I’m holding hands with my husband in Porto, one of the most romantic cities in the world. We are strolling along with bellies full of wine and heads full of that fogginess you get when you are somewhere new.
A car honks and I turn to see a black dog crossing the street, a bag dangling from his mouth. And I don’t know if somebody gave it to him, and I don’t know if this is how he gets his dinner, and I don’t know if he has a home. All I know as I watch him is that he’s a pro at opening up a plastic bag in search of food. I know that he is alone.
His snout is white; he is old. And he runs to me like a friend I used to know when I call him over, when I drop my husband’s hand so that I can touch this sweet boy. My lastima-meter goes from zero to a billion as he rubs his thin face against my body and kisses my wrists. His eyes are so gentle. And he is tender and he is good. And I want to take him home.
I remove the belt of my coat hoping to make it a leash, hoping I will give this pup a better life, one with no more cars to dart through and no more scavenging and no more roaming. I can picture him in my bed in Los Angeles, snuggled and safe. I wish on every star that I can take this Portuguese dog home!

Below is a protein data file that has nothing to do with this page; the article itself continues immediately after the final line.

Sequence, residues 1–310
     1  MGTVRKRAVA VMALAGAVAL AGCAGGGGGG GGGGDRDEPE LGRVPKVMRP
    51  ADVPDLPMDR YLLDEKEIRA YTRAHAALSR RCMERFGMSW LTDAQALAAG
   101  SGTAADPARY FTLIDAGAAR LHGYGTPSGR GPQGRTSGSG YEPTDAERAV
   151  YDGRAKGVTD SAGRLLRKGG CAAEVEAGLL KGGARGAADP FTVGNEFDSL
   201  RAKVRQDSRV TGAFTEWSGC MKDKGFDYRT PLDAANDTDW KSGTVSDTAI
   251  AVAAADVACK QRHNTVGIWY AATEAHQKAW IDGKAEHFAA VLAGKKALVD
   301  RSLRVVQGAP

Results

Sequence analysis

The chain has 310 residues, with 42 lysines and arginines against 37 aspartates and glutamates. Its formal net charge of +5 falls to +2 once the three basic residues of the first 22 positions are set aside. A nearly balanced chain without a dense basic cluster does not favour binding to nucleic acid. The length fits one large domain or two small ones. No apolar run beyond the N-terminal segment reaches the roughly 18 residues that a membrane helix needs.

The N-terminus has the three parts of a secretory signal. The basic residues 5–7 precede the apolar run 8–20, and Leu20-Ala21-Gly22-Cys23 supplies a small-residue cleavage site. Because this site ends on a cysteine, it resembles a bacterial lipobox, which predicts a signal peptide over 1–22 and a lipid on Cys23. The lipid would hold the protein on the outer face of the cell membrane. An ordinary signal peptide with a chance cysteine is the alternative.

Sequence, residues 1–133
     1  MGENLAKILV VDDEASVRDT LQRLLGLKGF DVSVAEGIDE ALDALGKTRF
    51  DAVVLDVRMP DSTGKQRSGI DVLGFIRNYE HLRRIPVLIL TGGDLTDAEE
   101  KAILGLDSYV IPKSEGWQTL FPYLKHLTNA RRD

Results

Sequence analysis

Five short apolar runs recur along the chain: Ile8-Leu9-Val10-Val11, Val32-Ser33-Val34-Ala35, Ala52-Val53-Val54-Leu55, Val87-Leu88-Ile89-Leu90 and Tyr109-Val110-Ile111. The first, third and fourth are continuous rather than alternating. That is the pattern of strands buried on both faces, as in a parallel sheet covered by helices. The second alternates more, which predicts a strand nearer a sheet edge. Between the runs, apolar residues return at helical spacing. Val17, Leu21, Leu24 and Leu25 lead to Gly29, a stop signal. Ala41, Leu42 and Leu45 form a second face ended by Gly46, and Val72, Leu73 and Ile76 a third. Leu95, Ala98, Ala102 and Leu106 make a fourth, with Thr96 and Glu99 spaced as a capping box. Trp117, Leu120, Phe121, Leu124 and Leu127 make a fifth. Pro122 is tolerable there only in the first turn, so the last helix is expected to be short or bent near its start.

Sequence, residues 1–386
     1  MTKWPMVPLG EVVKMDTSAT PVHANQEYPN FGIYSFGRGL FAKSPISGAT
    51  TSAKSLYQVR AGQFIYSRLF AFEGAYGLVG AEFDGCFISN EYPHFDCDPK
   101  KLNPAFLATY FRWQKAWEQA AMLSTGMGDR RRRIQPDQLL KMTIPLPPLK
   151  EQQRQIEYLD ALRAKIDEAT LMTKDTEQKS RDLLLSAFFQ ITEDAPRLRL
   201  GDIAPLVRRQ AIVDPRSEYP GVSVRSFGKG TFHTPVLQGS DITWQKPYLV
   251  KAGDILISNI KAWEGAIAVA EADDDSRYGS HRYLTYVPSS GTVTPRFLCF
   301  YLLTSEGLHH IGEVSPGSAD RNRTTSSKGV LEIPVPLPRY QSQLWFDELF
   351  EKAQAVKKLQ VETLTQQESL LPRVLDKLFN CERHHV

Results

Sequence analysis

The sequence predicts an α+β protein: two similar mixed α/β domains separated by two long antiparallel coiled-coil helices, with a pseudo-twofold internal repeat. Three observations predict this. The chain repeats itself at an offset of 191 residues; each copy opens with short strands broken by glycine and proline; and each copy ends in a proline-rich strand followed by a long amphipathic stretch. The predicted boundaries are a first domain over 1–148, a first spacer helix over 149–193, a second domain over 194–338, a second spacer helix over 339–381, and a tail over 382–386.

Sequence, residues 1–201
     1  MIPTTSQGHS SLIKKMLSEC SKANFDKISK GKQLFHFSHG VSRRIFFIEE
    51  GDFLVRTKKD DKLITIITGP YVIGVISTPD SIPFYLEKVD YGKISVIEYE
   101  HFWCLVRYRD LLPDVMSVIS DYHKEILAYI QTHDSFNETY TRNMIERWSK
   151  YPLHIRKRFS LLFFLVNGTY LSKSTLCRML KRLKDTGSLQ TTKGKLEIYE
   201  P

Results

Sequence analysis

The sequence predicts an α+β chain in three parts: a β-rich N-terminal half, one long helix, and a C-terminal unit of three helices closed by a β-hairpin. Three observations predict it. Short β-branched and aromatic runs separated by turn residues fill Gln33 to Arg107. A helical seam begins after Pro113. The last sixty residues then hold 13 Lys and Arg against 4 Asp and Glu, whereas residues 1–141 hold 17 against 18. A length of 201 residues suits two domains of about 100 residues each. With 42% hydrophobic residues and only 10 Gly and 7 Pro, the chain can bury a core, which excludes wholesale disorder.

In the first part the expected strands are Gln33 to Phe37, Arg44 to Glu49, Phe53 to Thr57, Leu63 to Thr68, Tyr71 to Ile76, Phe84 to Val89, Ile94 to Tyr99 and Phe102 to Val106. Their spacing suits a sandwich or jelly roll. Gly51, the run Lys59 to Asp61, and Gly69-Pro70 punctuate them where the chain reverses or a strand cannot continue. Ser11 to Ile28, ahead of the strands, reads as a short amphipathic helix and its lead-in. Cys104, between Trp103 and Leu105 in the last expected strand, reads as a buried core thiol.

And as I look around for someone to claim him, I am met with only shrugs. And as I beg for him to follow me, whispering my undying love into his velvet ears, he leaves. He runs off despite my calling, despite my promises, despite my questions. And despite my husband’s hand reaching for mine again, I’m not sure I can go on with my vacation. Because I am still pulling my belt-leash behind. There’s no dog on the other end, but it’s not empty either - I am tugging my lastima along. And it’s so heavy.
p.s. Wherever you go, wherever you are: old dogs need warmth and oh-so-much love.
p.p. s. We did have a great trip, you guys, I’m not 100% downer!